When cultivating a business, traditional marketing strategy suggests that the initial steps to success begin with creating a website, then running advertisements for products. Whether those advertisements are on media outlets, in publications, through word of mouth, or even posted on billboards, advertising for the conventional business is relatively simple. Anything goes.
Canna-business entrepreneurs view advertising as a constant struggle.
Conversely, canna-business entrepreneurs view advertising as a constant struggle. Although websites and social media somewhat allow advertising, any paid advertising walks a fine line of legality. In May 2019, Facebook’s CTO, Mike Schroepfer, put up two pictures on a screen in front of a conference for web developers. One was a photo of marijuana buds. The other was a magnified picture of tempura broccoli. These photos appeared eerily similar, but the point of this out-of-context comparison was to showcase Facebook’s Artificial Intelligence. “Shadowbanning” is a process in which social media platforms, such as Facebook, hide search results because the Facebook algorithm isn’t able to differentiate between allowed and banned content. This AI software can choose marijuana products from among similar photos, which will enable Facebook to streamline policy enforcement while cutting down on incorrect shadowbanning techniques.
This affects not only those who are trying to bring traffic to online marketplaces and websites but also news networks informing the public on marijuana-related topics. Google AdWords prohibits “Ads for substances that alter mental state for recreation or otherwise induce ‘highs’ including cocaine, crystal meth, heroin, and other illegal opioids, marijuana, cocaine substitutes, mephedrone, ‘legal highs.’” Additionally, Google AdWords blocks ads for products and services which facilitate the use, production, or purchasing of illegal substances. Facebook and Google AdWords align with U.S. Federal Law, so a restriction is unlikely to be lifted.
Facebook is looking into loosening restrictions for “medical marijuana, legal marijuana, and brick and mortar stores” in the future.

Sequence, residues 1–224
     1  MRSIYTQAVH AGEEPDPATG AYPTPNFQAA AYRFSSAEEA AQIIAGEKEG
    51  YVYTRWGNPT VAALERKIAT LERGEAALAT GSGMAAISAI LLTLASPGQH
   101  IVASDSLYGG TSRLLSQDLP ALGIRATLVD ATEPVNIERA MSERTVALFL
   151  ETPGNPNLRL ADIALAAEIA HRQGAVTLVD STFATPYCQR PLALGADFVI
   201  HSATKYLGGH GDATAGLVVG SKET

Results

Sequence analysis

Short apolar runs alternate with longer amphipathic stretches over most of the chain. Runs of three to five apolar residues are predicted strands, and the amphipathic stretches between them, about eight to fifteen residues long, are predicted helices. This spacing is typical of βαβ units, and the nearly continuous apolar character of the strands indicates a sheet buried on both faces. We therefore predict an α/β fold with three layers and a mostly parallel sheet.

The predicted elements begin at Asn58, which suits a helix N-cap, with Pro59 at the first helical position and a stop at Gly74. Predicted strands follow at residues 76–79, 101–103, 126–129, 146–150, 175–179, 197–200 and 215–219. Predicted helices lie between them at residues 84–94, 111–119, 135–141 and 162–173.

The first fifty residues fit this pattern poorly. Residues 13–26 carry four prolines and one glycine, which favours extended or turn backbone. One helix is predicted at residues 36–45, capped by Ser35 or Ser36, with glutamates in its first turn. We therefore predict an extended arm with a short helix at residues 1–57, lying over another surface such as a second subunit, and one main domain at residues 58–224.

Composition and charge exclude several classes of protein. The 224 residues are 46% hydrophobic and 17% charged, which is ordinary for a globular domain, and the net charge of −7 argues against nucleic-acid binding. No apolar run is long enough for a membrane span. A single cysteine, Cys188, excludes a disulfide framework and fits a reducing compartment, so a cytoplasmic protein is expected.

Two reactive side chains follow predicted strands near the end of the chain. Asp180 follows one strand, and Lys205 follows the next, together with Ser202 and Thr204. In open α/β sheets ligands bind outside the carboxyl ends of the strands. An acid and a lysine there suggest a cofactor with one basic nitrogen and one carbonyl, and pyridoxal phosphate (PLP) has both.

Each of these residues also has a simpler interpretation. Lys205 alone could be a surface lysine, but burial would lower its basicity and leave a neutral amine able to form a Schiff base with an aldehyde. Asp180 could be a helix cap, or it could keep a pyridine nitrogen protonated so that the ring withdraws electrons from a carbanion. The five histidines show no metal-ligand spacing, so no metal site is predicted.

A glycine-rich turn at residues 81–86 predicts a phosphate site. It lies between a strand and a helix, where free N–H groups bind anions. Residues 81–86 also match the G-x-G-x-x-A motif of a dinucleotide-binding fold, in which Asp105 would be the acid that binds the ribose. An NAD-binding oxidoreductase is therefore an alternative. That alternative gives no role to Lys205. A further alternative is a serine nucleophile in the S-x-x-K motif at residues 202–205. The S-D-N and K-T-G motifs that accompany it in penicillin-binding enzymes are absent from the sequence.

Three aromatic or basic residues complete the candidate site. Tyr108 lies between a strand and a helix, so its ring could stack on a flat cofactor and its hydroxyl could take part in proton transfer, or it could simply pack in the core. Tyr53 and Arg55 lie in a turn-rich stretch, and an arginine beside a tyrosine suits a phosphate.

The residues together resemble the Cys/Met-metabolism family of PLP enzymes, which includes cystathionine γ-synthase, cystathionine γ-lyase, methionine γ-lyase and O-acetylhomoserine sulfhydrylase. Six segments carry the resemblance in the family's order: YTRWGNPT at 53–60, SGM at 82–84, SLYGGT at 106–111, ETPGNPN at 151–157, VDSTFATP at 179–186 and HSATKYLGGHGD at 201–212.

There is good news, though. Stemming from increased legalization of medical marijuana, Facebook is looking into loosening restrictions for “medical marijuana, legal marijuana, and brick and mortar stores” in the future. Nothing has been set in stone yet, and unconventional businesses are still out of luck, and risk having their social accounts taken down and/or permanently banned unless they work the system.
This “working of the system” involves careful manipulation of the guidelines, in the same way, that some canna-businesses can bank: by loosely defining the line of work. In the social media sector, this translates into subtleties and careful wording. Something as direct as avoiding keywords like “marijuana” and “cannabis” altogether works just as well as little instances where, for example, a hyphen goes between “medical” and “cannabis.” An ad with text reading “medical-cannabis” will get approved while “medical cannabis” or “medical marijuana” will get flagged for ad review.
This is where advertising becomes costly, because finding the correct mixture of text and subtle photographs that appeal to consumers, yet fly under the Facebook AI radar, is tricky. It’s not a perfect science, but choosing emblems that consumers recognize and attribute as related to the cannabis industry will create a higher click-through rate. They’ll also lower the chance of your account being banned or your ad being flagged for manual review by a social media ad review board.